It's all going: the large lecture hall inside that large ivy-covered building, the masses of undergraduates sitting bored trying to figure out what the person lecturing will test them on, and we the adjunct professors who often teach courses in the humanities. The reason is that online education has come of age.
Once mostly the cost-efficient tactic of for-profit education, online education has become mainstream, reports Gregory Fernstein on TECH CRUNCH. It's a must because it's cheap and research shows that it is a more effective learning tool than instructor-taught courses.
There was a time when, for money, enhancement of our own credentials, or fun, we writers could put together a course, pitch it to the university, and then teach it until interest waned. Fernstein tells us that's over. A few ivy league institutions will be in charge of creating the online content. That eliminates the need for so many educational professionals. Therefore, graduate programs in the humanities will be deep-sixed since they primarily create future professors.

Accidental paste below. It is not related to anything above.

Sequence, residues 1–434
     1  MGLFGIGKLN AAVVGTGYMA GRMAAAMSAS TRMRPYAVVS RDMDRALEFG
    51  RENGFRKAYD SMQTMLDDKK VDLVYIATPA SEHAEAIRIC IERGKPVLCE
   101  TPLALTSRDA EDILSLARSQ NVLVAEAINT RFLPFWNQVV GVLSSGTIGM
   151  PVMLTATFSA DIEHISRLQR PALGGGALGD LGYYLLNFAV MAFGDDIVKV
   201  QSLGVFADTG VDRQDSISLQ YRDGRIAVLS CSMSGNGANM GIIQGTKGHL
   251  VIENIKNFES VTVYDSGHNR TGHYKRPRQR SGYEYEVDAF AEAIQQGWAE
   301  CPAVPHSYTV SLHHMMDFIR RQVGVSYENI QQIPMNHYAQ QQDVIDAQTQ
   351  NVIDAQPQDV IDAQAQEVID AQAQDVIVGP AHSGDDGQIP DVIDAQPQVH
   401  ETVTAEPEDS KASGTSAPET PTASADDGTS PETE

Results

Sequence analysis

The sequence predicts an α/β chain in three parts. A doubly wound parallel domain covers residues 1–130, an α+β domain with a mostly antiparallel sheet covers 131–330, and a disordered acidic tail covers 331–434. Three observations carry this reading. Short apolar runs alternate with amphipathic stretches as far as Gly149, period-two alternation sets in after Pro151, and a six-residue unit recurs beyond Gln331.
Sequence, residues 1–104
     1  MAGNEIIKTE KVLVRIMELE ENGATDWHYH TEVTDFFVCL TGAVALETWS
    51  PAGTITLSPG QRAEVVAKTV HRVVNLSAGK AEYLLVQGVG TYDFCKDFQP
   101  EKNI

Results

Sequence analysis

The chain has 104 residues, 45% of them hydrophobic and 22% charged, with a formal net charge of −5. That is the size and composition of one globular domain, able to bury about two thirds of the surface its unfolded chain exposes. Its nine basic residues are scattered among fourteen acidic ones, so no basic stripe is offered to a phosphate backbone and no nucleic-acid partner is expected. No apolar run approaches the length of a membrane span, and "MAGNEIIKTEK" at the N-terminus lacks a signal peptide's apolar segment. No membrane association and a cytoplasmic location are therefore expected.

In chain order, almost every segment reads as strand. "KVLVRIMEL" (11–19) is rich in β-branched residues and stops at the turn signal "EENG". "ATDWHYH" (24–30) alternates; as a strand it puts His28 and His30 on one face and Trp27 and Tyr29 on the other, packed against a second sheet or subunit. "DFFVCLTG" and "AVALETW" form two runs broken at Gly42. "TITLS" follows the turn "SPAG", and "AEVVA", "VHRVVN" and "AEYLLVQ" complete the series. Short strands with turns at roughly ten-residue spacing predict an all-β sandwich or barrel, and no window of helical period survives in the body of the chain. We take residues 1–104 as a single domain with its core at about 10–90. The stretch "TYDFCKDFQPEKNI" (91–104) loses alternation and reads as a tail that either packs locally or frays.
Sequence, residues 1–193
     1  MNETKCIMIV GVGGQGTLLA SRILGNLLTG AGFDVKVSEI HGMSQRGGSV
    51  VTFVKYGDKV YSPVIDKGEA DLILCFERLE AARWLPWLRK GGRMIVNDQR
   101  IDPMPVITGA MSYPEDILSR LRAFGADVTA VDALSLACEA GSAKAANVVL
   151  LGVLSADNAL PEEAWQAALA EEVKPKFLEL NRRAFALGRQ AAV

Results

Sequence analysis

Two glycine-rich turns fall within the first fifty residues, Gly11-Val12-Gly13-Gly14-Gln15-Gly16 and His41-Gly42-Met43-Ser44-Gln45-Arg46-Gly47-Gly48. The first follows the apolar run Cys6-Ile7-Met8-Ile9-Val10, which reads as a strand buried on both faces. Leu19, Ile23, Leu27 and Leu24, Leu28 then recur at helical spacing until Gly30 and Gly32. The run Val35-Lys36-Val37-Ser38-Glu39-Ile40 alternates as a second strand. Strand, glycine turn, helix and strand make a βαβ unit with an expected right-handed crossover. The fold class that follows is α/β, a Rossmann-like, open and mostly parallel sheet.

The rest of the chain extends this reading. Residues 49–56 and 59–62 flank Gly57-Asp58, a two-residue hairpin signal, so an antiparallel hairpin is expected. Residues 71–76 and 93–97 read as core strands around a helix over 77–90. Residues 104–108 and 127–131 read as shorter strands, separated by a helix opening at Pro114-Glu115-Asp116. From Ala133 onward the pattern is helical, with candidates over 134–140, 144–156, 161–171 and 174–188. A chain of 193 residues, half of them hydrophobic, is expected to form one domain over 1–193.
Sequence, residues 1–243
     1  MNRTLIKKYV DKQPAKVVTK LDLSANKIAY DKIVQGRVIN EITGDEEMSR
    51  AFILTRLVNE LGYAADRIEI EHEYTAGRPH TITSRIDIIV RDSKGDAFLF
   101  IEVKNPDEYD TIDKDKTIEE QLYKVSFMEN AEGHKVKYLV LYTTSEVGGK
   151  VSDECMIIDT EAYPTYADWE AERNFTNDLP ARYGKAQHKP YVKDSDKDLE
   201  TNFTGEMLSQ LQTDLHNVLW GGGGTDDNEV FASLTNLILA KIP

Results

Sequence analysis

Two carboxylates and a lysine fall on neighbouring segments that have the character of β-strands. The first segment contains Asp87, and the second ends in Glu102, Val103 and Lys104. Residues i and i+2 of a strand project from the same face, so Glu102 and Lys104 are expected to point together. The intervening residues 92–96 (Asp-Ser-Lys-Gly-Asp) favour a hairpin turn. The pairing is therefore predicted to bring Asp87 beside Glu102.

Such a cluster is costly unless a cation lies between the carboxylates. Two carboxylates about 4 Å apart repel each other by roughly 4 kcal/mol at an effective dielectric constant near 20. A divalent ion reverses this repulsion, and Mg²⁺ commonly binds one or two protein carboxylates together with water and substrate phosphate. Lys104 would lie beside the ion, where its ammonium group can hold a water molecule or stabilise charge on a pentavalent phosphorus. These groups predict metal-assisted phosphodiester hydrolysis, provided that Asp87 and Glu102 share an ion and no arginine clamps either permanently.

As an institution in society, the role of the university will have to be reconfigured. Perhaps all those building can be converted to affordable housing facilities for the increasing number of Americans who have been paying more than half of their income just to keep a roof over their heads.
My alma mater Seton Hill, Greensburg, Pennsylvania, where I majored in English, is perfect as a retirement village. It's way up on a hill and the cost of living is relatively low in western Pennsylvania. The complex even has its own cemetery so we won't have far to go for our final resting place. As a marketing communications pro, I might suggest to the current president of Seton Hill Joanne Boyle to create brochures for condos and time shares.